3Greytjoys quote, Feb. 2013:

 

"Leash
- Physically healthy/steady adult humans can place hand through leash handle loop on to wrist, then wrap leash around wrist and hand a few times. Important: Hold excess leash with the opposite hand as primary control of hound. The wrapped hand/wrist is secondary control.
Always stay alert while walking any dog, especially Greyhounds. Your sighthound might see something to chase before you see it. Humans have far less control of any dog if leash (or arm) is fully extended. (Good for human's elbow to be in a naturally bent position, close to human's body.) Safest walking position for dogs is next to human's thigh (not far in front, crisscrossing). Heeling with dog's shoulder next to human's left thigh is standard walking position in U.S. (Helps keep dogs away from cars since U.S. laws require pedestrians walk against traffic vs. same direction.)
- Slip knot can be tied in a leash handle loop so the loop won't fall off the wrist, helpful when picking up dog business too. (Again, for physically healthy humans who stay alert.)
- Please NEVER use retractable leads. Very dangerous with Greyhounds (and other dogs). If hound gets spooked by an unexpected noise and handle gets dropped, hard plastic handle noise chases after dog - panicked dogs often run into traffic, dangerously trip themselves at high speed, and/or get caught on objects possibly breaking dog's neck, legs, etc. Cyclists have been seriously injured by not seeing a dog near it's person, then riding directly into a retractable lead.
- Carabiner can be added as an extra safety clip (leash to collar) if needed for a questionable leash latch. IMO, circular claw-like "Trigger Snaps" are much safer than standard leash snaps.
- A knot can be tied at halfway point on leash (or where an extra hand-gripping point is needed)." End quote.
Just to reiterate, elderly or unsteady adults may not wish to wrap the leash around their wrist, but for most adults it helps keep a new Greyhound from escaping from an inadvertently dropped leash. (Children should not be allowed to control a Greyhound's leash during walks.)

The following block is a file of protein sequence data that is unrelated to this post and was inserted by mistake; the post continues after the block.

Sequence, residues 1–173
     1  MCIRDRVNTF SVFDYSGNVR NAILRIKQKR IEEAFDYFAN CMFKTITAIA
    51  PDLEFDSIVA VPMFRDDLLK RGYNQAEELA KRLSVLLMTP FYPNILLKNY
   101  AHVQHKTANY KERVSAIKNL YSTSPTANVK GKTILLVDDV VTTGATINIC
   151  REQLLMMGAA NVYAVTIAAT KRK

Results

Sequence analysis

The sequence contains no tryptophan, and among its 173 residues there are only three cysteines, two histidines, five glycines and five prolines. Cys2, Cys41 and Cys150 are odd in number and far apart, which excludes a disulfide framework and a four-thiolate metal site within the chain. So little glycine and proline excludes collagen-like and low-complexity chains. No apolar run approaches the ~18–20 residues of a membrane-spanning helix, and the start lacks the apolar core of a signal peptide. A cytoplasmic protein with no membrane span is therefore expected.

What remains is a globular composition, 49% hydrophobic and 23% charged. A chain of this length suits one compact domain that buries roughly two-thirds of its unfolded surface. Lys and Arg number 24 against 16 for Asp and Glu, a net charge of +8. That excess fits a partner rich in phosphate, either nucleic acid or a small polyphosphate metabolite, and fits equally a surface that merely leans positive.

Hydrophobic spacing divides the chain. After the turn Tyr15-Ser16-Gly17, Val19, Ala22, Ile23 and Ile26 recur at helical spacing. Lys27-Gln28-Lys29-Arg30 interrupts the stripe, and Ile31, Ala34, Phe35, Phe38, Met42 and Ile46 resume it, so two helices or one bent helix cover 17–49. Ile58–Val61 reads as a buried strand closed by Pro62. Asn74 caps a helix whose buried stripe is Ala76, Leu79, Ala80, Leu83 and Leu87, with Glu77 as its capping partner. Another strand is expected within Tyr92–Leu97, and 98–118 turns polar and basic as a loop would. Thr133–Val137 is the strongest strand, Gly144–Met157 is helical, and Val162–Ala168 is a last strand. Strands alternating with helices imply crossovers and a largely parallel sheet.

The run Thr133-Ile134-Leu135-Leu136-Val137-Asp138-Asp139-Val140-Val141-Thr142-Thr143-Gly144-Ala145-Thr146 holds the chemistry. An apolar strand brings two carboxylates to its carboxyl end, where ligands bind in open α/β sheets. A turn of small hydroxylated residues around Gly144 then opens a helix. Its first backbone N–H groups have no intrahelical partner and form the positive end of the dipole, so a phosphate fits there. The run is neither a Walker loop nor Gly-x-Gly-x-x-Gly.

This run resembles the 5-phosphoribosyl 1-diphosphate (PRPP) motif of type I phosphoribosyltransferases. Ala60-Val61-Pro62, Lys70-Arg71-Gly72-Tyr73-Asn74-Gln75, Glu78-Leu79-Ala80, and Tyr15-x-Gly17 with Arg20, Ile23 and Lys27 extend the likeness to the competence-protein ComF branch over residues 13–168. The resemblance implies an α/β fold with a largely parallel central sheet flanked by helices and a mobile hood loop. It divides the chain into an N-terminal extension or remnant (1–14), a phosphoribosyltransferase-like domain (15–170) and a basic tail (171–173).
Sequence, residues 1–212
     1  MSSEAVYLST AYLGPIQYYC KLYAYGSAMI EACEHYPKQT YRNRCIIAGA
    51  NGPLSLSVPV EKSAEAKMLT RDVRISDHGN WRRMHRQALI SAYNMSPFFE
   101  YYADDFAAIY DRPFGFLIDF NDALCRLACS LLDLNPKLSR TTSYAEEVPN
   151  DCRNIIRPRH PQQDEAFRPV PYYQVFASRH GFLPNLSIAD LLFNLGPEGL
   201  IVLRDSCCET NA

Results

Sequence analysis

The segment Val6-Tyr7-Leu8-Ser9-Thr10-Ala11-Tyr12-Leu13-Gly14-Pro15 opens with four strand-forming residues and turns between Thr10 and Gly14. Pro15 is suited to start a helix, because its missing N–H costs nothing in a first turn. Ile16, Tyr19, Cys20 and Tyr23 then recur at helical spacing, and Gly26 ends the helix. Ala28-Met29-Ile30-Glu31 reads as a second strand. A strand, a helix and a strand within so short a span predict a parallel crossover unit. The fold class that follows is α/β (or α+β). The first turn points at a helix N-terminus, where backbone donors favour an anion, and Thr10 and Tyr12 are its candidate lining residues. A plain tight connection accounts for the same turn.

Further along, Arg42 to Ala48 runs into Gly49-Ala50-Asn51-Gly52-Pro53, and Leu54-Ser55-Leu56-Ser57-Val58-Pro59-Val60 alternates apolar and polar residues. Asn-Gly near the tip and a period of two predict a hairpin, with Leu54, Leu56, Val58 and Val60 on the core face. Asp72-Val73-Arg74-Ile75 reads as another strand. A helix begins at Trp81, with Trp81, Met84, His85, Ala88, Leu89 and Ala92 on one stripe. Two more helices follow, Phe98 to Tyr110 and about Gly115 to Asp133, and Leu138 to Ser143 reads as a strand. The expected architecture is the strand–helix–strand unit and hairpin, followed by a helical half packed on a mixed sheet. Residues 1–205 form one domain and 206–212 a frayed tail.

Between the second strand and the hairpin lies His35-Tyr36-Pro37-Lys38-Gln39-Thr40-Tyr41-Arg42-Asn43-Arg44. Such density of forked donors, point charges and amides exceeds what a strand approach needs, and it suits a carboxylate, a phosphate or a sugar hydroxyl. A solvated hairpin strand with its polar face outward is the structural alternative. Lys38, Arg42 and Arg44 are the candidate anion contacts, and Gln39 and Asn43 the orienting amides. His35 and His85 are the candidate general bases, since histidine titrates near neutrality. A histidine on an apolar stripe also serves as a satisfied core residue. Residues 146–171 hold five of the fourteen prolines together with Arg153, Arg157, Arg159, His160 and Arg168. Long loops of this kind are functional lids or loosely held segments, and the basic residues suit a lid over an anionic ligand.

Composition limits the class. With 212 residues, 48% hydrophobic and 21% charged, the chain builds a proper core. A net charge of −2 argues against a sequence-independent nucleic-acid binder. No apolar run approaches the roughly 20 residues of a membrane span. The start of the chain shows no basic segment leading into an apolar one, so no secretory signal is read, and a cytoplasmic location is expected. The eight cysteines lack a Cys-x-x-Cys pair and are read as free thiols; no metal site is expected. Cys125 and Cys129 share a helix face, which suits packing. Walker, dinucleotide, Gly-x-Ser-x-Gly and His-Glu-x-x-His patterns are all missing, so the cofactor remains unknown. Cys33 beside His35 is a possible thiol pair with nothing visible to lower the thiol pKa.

Hope some of that helps. :)

 

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Guest Gestu60

Thanks for all the great feedback. Sounds like we might be giving her to much slack and shes basically walking right into it.

Gonna try the two handed leash approach keeping control of the extra slack.

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NO ONE should "wrap the leash around wrist and hand a few times." If you've ever had your dog take off, you'll understand how badly you can hurt your hand doing that.

 

The "proper" (meaning traditional, old school way) way to hold a leash is to put your right hand (I suppose if you let your dog walk on the "wrong" side (your right), you'd use your left hand) all the way thorough the handle, then grasp the leash below the handle; I use a leather leash with a braided section where the handle is formed, so I hold the braid. Those of you who prefer nylon leashes, it would be were the stitching is. If you wish to hold some of the excess in your right hand, you can gather it up and form a few small loops or circles, and hold them with your fingers as your grasping the leash. I myself use my left hand to hold all the excess. I use a 9 foot leash, but it's only a 1/2 inch so I can handle all that excess.

 

Because I have a new dog now, I did switch to a four foot leash temporarily, but he's walking properly now, on my left, basically at heel.

 

I did a goofy YouTube video on it for my co-worker's son who watched George for me for the weekend.

 

I can't tell you how many people I see using the handle of the leash and holding it just with their fingers.

 

It's nearly impossible for a dog to yank the leash out of your hand if you use the above method. Very, very easy for a strong dog to rip the leash out of your hand if you're holding the loop with your fingers.


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Bu used to do this!! He has since become a pro at fixing it himself. He knows exactly how to untangle himself. As someone without a yard, I like my dog having slack so he can explore. Just pay close attention. If the leash gets under her legs, stop walking and fix it.